After calving and during early lactation, the cow may weigh 100 pounds less, but will be able to consume about 2.6% of her body weight (100% dry matter) in hay. This would translate into 36 pounds of “as-fed” hay per cow per day necessary to be hauled to the pasture. This again assumes 15% hay wastage. Accurate knowledge of average cow size in your herd as well as the average weight of your big round bales becomes necessary to predict hay needs and hay feeding strategies.
Big round hay bales will vary in weight. Weighing a pickup or trailer with and without a bale may be the best method to estimate bale weights. There are other calculations that can be helpful in estimating hay bale weights as seen in the chart below. Visit What Does A Round Bale Weigh to read more information from UGA Forage Specialist Dr. Dennis Hancock.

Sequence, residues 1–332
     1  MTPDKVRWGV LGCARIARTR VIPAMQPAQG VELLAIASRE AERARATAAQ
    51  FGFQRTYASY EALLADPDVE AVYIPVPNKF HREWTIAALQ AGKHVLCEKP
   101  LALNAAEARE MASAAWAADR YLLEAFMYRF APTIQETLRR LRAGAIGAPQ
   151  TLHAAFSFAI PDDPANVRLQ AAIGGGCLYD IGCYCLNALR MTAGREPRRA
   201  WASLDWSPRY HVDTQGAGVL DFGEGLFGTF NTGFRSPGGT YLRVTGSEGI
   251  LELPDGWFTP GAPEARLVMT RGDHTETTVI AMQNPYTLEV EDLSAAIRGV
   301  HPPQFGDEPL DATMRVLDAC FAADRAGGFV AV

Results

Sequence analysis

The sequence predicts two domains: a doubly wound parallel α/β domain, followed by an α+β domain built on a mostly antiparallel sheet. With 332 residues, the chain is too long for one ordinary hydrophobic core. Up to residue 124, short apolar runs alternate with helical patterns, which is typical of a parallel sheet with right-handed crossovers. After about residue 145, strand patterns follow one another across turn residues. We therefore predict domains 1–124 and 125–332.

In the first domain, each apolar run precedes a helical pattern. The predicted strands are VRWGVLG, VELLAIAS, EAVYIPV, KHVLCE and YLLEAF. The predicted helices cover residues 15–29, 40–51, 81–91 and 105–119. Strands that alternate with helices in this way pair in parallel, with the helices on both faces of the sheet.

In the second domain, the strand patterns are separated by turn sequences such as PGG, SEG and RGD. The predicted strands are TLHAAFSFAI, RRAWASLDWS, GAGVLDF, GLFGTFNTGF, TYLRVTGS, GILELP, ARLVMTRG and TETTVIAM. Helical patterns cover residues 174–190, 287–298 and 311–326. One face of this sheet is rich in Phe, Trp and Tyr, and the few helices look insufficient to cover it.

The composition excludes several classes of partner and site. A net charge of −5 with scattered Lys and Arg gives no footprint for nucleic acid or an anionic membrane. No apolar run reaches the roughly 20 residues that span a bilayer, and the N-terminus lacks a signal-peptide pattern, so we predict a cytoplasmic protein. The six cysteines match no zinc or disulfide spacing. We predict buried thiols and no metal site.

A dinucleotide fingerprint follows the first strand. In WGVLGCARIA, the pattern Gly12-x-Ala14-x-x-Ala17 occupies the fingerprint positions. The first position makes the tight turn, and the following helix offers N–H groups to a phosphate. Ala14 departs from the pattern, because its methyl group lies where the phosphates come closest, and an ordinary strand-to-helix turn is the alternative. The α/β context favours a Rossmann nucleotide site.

November 19, 2016 · 1:23 AM
Here is a grass that looks very similar to cogongrass but is not. We originally looked at this exact spot in 2012 and thought it was cogongrass. One of our cogongrass experts is Mr. Mark McClure with the Georgia Forestry Commission. He quickly knew this was not cogongrass since the midrib IS centered, and it is a bunch-type grass WITHOUT rhizomes to spread.
This is intermediate paspalum. My leaf picture is not focused, but the difference is where the midrib sets. This perennial, bunch-type grass is now moving from the planted pines across the road and causing problems for our county road maintenance. In forestry situations, the only hope is to use a 4% glyphosate, and possibly mow before seeds head. Once nighttime temperatures drop to the mid-40s, not much herbicide is translocated within the plant. We can spot spray through the growing season, and also through fall is better.